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Counting begins in biggest test of political opinion since general election

Published 05/05/2016

Voters are heading to the polls across the UK
Voters are heading to the polls across the UK

Counting has begun in the biggest test of political opinion since the general election, after polling stations closed across the UK at 10pm.

With 45 million people eligible to vote, "Super Thursday" was being seen as the first nationwide verdict on Jeremy Corbyn since he stormed to victory with massive grassroots support as Labour leader last September.

But the day was marred by chaos at 155 polling stations in north London, where Barnet Council was forced to apologise and offer emergency proxy votes to residents whose names were missing from polling lists.

Among those stopped from casting their ballots was Chief Rabbi Ephraim Mirvis, who has been critical of Labour's handling of the anti-Semitism controversy.

Results were expected overnight in elections to the Scottish Parliament, Welsh Assembly, dozens of English councils, the mayor of Salford and parliamentary by-elections in Sheffield Brightside and the south Wales seat of Ogmore

But counting for the Northern Ireland Assembly and the mayor of Liverpool will not begin until the morning and voters in London will have to wait until Friday evening to learn the identity of their new mayor and Assembly members.

Also being announced on Friday were the Police and Crime Commissioners for 36 English force areas, and counting in some councils will continue into the weekend, finally ending with the declaration of four Welsh PCCs and a mayor for Bristol on Sunday.

An upbeat Mr Corbyn said he was feeling "very happy" and gave a thumbs-up as he went to put his cross in the box at a polling station in Islington.

On the eve of polling, Labour retreated from comments the leader made in the final days of the campaign that the party was on course for gains in the local authority elections.

Mr Corbyn changed tack, saying "predictions are not that important" as the party feared losses after Labour made nearly 800 gains under Ed Miliband when the seats were last contested in 2012.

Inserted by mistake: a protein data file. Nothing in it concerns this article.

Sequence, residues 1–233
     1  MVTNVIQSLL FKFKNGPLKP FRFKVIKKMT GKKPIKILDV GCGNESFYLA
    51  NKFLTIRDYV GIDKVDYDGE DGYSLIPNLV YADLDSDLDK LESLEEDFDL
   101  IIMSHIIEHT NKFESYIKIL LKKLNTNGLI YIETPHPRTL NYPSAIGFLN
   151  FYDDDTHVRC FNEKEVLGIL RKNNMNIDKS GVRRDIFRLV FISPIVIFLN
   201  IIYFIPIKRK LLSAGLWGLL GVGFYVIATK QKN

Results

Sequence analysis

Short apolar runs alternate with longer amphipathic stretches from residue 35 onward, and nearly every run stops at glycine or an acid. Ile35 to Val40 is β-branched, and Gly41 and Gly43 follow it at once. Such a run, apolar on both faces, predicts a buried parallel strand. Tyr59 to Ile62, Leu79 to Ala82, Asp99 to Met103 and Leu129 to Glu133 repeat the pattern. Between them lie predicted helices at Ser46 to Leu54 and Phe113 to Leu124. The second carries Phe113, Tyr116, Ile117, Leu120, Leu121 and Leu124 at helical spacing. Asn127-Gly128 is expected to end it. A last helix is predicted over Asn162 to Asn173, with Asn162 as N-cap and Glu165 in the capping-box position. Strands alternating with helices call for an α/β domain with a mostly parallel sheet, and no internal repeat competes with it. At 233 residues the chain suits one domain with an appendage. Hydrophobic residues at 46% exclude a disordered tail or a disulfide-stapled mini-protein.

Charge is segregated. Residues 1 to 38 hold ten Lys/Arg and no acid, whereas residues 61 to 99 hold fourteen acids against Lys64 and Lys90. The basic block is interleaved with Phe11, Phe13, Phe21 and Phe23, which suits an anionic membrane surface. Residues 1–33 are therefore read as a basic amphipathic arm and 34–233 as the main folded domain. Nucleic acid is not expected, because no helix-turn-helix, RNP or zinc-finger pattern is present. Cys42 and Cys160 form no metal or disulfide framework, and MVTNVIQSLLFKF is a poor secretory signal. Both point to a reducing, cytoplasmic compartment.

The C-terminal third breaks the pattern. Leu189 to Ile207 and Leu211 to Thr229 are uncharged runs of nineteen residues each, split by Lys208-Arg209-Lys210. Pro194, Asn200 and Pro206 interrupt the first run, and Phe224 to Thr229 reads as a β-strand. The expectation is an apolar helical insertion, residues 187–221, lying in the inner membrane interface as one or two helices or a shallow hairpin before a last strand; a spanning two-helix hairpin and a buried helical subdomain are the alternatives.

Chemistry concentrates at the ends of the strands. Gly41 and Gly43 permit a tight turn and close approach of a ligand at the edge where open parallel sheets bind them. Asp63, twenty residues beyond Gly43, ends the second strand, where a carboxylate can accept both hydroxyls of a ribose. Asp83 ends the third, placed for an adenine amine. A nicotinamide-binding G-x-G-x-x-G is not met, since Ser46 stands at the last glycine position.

The party's main hope of success is that Sadiq Khan takes back City Hall in London after eight years of Tory rule.

David and Samantha Cameron voted at Central Hall Westminster, a short walk away from Downing Street.

Conservative mayoral candidate Zac Goldsmith has tried to seize on the anti-Semitism controversy engulfing Labour in a bid to boost his chances after trailing in the polls.

But shadow cabinet member Chris Bryant hit back at Mr Cameron's exploitation of the issue in the run-up to polling day, telling the House of Commons that there was " no gutter low enough for the Prime Minister to slop around in".

Responding to Mr Cameron's call on Wednesday for Mr Corbyn to withdraw his earlier description of Hamas and Hezbollah as "friends", Mr Bryant said: "That kind of despicable smearing of one's opponents I think degrades the whole of politics.

"I would just say gently to the Government that those who live by the gutter die in the gutter."

In Scotland, Nicola Sturgeon is aiming to lead the SNP to a historic third term, while Ukip is hoping for a breakthrough in Welsh National Assembly elections.

In all, 2,700 seats are being contested in 124 English councils.

Shadow chancellor John McDonnell said Labour was hoping to reduce the 6.3% margin by which the Conservatives led in the 2015 general election 12 months ago.

"If we can narrow that gap, we will demonstrate steady progress," Mr McDonnell told Sky News. "What we are looking to do is build over the next four years so that we steadily, steadily build our support and then we are ready for 2020. I think that's exactly what we will do, laying firm foundations over the next four years."

In a bid to damp down expectations of Labour's performance in the English council polls, Mr McDonnell said the party had hit an "all-time high" when the seats were last contested in 2012, in the second year of Ed Miliband's leadership.

Mr McDonnell admitted conditions remain "tough" for Labour in Scotland, but said the SNP's "honeymoon period" appeared to be "beginning to fragment". Labour "might show some percentage improvements", he predicted.

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